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In Praise of Shirley Hazzard

Filed under: The Katharine Wheel: On Fiction   Tagged: , , ,

Rereading Shirley Hazzard’s The Transit of Venus (1980), I found it difficult to adjust to her elliptical, portentous narrative style. After a few pages, however, something clicked, and I realized I was reading a master work: indirect but smoothly and intelligently told, with compelling characters and gorgeous prose.

In brief scenes densely packed with revealing detail and irony, the novel covers the lives of two Australian sisters, Caroline (or “Caro”) and Grace, orphaned as girls in 1938, who embark upon their romantic lives when they arrive in London, all grown up, some years after the end of World War II.

Caro receives the lion’s share of the novel’s attention—Hazzard clearly prefers her self-possession and independence of mind. She is pursued throughout the book (and her life) by an astronomer named Ted Tice, who, like Hazzard, idolizes Caro. She doesn’t reciprocate his passion, and most of the book is about love affairs with two other men; yet Ted is nothing if not constant, and he meets her from time to time, still hoping.

I have to stop a moment, though, and observe that the problem with this sort of summary—the problem with the summary of any novel—is that it typically fails to convey the book’s unique attractions. Because Transit is primarily concerned with the romantic lives of its characters, you may have concluded that I’ve latched on to some early species of “chick lit.” Hardly. In fact, it’s a tragedy, though the ending is so oblique that readers sometimes miss it.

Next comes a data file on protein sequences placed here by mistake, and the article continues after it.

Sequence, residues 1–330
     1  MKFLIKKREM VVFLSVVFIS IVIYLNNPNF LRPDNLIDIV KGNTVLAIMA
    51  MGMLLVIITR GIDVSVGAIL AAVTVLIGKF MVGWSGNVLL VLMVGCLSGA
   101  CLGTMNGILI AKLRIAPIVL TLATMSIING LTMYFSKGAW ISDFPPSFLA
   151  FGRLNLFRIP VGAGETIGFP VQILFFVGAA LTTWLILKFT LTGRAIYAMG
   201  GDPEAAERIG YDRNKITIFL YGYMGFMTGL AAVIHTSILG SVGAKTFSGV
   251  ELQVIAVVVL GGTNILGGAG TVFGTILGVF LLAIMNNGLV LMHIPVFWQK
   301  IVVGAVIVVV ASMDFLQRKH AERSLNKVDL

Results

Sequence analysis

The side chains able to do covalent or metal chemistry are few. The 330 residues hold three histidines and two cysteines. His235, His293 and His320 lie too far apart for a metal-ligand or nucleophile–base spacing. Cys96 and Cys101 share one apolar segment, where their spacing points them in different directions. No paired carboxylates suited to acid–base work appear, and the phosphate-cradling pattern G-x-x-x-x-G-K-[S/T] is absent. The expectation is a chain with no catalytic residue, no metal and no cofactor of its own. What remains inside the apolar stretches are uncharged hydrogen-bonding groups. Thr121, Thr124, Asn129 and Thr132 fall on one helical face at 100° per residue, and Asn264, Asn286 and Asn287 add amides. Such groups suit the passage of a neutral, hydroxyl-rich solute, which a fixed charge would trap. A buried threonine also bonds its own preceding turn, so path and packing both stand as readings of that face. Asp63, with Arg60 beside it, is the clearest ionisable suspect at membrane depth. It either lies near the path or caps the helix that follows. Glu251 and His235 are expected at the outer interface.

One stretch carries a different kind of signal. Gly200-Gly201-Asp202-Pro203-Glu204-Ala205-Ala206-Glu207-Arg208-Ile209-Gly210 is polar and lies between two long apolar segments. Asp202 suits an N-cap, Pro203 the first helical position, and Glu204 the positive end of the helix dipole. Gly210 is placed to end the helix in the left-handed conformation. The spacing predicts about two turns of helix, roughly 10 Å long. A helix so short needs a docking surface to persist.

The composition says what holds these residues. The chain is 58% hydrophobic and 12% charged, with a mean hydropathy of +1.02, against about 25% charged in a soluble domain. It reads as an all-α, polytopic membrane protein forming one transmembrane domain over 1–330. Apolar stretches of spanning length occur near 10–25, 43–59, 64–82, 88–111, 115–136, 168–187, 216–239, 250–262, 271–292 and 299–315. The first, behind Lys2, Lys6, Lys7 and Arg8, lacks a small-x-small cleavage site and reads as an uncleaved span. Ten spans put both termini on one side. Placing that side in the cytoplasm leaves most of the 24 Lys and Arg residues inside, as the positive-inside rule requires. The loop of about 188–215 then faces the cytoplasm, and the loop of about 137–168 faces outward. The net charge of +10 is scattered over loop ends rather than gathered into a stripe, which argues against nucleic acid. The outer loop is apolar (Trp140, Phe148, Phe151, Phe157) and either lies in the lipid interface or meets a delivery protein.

Fortunately, you don’t have to take my recommendation on faith: you can fire up the Complete New Yorker and see for yourself. Hazzard published four excerpts from Transit in The New Yorker: “A Long Story Short” (July 26, 1976), “A Crush on Doctor Dance” (September 26, 1977; hilariously categorized under “dance” in the CNY), “Something You’ll Remember Always” (September 17, 1979), and “She Will Make You Very Happy” (November 26, 1979).

As a set, these four stories work remarkably well. “Something You’ll Remember Always” does a marvelously economical job of showing Grace and Caro’s childhood; Grace is courted by Christian Thrale in “She Will Make You Very Happy”; years after they marry, Christian has an affair with a secretary in his office, which he ends with brutal coldness, as we learn in “A Long Story Short”; and then Grace herself, unaware of Christian’s affair, falls in love with the family pediatrician in “A Crush on Doctor Dance,” though the good doctor’s principles and her own timidity conspire to keep their relationship unconsummated and brief.

To give you a sense of Hazzard’s gifts, I offer this passage from “Something You’ll Remember Always.” It begins with a verse that refers to the reversal of the seasons between England in the northern hemisphere and Australia in the southern: spring starts in September. Hazzard goes on:
You might recite it in Elocution class, but could hardly have it in English Poetry. It was as if the poet had deliberately taken the losing, and the Australian side…. What was natural was hedgerows, hawthorn, skylarks, the chaffinch on the orchard bough. You had never seen these but believed in them with perfect faith. As you believed, also, in the damp, deciduous, and rightful seasons of English literature and in lawns of emerald velours, or in flowers that could only be grown in Australia when the drought broke and with top-dressing. Literature had not simply made these things true. It had placed Australia in perpetual, flagrant violation of reality.
In that single paragraph, Hazzard captures the attitudes of two societies, English and Australian. But this is a story that is at least partly about the transference of cultural hegemony from Britain to America. So things are changing. Before World War II, little girls in Australia might sing,
Come down to Kew in lilac-time
(it isn’t far from London!)
But then the war arrives, bringing with it American soldiers (who “could not provide history, of which they were almost as destitute as the Australians”) and plastic gimcracks: